Microsoft said on Wednesday that another fix on the freshly-identified security hole in Internet Explorer will be dispatched in the next few days, insisting that the patch should temporarily protect millions of global users while engineers work for an IE update.
To avoid compromising the security of their system, Microsoft issued a quick fix called Enhanced Mitigation Experience Toolkit (EMET), which the software giant can be downloaded by accessing this link: http://bit.ly/Kv497S.
According to Reuters, the malware was first detected Friday last week by Eric Romang, a researcher from Luxembourg, and identified it as Poison Ivy.
Mr Romang's subsequent analysis showed that Poison Ivy is primarily programmed to breach PCs that were using Microsoft's Internet Explorer by exploiting a bug on the browser, which according to web security specialist Symantec is known as 'zero-day'.
Such vulnerabilities, Symantec said, were deemed in the online security industry as both rare and alarming.
While only eight incidents of zero-day vulnerabilities have been recorded since 2011, "the danger with these types of attacks is that they will mutate and the attackers will find a way to evade the defences we have in place," Symantec's Liam O Murchu told Reuters.
"There are no patches available. It is very difficult for people to protect themselves," Mr O Murchu added.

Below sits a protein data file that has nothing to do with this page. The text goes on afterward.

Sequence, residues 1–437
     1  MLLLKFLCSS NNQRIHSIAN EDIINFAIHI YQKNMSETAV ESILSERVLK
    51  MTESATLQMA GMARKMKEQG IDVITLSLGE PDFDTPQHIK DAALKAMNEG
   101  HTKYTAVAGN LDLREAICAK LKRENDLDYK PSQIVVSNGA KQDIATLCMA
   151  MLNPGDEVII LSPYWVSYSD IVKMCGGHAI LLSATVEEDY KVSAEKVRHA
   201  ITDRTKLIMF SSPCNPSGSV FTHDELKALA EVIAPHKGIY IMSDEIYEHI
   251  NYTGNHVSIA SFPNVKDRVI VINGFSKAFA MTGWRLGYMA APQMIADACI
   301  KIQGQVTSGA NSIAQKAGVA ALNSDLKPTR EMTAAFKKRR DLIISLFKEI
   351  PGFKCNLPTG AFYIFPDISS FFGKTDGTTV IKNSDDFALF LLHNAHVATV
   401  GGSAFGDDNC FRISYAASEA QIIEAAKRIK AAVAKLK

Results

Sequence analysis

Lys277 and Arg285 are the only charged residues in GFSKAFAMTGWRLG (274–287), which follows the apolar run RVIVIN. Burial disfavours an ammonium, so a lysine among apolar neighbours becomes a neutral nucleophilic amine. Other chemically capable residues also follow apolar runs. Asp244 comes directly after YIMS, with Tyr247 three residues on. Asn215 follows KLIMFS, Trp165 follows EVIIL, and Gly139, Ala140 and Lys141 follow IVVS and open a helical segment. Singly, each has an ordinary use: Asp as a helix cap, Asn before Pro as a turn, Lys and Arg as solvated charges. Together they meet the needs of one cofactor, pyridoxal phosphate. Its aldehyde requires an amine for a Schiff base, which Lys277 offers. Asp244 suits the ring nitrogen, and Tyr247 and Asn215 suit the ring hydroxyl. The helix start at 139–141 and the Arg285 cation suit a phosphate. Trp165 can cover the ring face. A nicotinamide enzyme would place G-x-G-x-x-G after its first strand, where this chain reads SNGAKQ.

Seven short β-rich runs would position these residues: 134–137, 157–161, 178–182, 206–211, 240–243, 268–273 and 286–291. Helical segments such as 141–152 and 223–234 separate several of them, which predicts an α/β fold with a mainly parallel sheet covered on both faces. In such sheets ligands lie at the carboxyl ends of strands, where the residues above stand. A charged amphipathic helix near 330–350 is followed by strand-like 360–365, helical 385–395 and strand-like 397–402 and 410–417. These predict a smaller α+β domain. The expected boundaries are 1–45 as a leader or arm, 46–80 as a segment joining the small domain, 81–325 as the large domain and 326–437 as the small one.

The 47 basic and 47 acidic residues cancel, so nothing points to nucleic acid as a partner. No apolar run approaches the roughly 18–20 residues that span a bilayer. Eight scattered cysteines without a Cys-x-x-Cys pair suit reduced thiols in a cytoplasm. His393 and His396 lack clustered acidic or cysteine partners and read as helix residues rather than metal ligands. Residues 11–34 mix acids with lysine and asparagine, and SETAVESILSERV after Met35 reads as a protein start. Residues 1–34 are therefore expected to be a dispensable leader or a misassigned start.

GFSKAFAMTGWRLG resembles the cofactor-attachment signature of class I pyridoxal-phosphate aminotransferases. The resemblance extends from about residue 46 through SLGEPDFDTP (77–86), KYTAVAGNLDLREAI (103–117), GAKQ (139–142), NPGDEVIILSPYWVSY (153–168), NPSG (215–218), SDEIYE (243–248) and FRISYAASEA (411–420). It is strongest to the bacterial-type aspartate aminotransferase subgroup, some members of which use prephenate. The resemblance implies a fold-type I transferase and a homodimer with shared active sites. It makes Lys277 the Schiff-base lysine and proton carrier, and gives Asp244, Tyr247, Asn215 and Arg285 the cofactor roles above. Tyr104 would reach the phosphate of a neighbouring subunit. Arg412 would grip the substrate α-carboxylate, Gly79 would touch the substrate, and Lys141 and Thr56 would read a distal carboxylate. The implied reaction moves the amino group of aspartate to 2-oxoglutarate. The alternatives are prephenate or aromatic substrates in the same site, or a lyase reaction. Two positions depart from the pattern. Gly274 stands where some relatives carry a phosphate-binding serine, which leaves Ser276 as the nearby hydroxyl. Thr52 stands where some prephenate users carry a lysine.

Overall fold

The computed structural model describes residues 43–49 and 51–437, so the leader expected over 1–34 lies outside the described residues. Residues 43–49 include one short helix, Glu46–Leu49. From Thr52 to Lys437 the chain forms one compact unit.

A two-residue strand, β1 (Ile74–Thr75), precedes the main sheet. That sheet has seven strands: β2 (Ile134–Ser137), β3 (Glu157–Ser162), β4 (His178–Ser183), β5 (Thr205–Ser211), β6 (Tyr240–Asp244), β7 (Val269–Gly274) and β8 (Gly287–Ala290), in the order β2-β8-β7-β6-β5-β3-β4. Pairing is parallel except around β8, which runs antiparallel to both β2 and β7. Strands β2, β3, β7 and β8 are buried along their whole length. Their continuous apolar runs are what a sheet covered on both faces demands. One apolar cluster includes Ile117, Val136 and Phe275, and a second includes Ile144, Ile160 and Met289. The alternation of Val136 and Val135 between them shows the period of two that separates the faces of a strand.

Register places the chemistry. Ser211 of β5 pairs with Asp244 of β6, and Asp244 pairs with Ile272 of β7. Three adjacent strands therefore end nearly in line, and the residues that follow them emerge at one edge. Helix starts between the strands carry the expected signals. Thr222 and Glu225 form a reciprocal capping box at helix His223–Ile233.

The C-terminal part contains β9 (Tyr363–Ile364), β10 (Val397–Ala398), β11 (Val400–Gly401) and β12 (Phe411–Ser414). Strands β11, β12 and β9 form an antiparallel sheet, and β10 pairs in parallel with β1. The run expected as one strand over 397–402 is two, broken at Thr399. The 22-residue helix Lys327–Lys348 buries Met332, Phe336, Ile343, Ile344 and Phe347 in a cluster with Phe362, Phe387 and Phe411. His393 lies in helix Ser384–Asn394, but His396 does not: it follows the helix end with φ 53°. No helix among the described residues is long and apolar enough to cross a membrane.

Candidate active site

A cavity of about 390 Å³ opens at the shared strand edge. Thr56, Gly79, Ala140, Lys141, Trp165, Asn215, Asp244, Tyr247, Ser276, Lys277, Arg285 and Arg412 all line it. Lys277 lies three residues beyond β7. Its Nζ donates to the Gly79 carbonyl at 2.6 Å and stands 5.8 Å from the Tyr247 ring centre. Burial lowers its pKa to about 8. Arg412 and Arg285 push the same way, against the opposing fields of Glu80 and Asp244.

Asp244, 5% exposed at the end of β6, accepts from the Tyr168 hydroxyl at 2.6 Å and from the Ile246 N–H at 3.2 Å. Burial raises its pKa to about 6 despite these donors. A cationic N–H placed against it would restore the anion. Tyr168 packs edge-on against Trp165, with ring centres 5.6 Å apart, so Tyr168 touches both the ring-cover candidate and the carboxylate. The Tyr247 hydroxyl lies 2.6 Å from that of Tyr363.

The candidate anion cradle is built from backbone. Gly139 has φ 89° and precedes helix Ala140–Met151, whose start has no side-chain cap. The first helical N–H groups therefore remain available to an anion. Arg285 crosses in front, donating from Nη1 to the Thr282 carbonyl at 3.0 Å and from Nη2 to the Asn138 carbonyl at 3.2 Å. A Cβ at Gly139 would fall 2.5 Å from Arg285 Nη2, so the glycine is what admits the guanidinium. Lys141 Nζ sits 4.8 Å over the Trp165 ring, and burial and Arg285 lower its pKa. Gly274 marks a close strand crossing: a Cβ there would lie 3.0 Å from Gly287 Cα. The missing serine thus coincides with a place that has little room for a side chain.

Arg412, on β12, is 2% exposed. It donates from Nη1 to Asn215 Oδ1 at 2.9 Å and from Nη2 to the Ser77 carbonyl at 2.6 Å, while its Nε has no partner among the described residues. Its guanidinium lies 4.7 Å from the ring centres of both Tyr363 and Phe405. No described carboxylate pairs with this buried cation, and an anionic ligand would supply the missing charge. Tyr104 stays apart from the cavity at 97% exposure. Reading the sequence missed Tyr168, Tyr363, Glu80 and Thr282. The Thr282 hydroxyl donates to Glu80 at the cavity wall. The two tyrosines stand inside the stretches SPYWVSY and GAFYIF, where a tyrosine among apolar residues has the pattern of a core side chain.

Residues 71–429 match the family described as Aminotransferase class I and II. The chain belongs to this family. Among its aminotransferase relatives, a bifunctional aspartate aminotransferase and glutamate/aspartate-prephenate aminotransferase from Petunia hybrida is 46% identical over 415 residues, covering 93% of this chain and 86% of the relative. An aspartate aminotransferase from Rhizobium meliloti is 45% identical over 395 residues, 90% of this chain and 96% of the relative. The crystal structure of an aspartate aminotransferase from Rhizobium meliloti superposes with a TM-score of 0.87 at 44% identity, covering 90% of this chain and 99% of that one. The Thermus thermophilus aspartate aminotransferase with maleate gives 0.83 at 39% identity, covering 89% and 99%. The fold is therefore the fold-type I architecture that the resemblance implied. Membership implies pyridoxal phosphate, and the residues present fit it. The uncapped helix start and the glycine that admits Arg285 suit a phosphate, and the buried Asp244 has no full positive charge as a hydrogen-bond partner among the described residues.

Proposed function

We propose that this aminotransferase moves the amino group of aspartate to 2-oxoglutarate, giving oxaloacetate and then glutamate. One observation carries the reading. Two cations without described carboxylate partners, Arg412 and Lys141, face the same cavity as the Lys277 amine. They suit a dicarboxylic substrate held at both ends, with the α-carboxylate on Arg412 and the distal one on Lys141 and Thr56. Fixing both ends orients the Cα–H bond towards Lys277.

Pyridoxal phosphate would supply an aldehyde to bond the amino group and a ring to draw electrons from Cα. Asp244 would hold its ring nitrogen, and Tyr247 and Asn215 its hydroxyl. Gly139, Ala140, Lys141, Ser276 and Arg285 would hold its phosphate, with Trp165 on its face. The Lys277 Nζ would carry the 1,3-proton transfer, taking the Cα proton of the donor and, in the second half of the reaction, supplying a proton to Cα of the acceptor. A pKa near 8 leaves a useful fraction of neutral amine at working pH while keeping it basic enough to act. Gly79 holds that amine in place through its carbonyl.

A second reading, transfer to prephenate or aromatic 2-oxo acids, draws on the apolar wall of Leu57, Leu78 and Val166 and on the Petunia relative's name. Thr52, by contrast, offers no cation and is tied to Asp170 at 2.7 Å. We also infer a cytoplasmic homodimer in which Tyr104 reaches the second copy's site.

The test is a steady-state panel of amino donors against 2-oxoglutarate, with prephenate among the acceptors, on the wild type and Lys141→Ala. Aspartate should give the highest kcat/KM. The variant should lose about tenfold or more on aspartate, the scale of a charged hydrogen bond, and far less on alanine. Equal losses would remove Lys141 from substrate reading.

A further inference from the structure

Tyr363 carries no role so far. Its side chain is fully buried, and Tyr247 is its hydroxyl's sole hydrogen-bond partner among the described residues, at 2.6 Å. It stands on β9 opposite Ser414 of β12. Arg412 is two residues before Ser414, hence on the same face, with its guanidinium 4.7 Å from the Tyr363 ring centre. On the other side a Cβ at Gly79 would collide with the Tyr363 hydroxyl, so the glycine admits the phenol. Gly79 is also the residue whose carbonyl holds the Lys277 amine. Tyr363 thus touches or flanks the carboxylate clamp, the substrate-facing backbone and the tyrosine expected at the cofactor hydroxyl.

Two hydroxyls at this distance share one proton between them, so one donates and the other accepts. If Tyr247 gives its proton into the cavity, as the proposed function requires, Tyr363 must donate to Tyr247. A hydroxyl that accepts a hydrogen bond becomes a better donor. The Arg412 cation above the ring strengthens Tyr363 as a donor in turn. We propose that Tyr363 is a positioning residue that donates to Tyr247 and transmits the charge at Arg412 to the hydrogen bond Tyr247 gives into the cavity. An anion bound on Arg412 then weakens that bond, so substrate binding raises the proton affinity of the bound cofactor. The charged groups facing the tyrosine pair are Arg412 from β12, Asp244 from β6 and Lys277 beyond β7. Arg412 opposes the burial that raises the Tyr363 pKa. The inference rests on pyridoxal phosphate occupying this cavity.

Microsoft has acknowledged that millions of office and home users are potentially exposed to Poison Ivy's infection, with at least 33 per cent of PCs around the world connected to the net via the Internet Explorer.
When infected, these PCs could be rendered as virtual zombies that cab be controlled by hackers, leaving them at their disposal and serving as platform as well for the malware to further spread on other systems.
To ward off further attacks, Microsoft said it will soon release un upgraded version of its browser but for the time being global user are strongly advised to download and install EMET on their systems, which should keep cyber criminals at bay while the tech giant works on the final solution.
However, the easier fix is to do away with Internet Explorer and use instead Mozilla's Firefox or Google's Chrome since Poison Ivy is not presently known to enter computer systems via other browsers outside of Microsoft's, according to security experts.
Users will skip unnecessary hassles and save loads of time by viewing web pages through Chrome and other alternative browsers out there, McAfee's Dave Marcus told Reuters on Monday.
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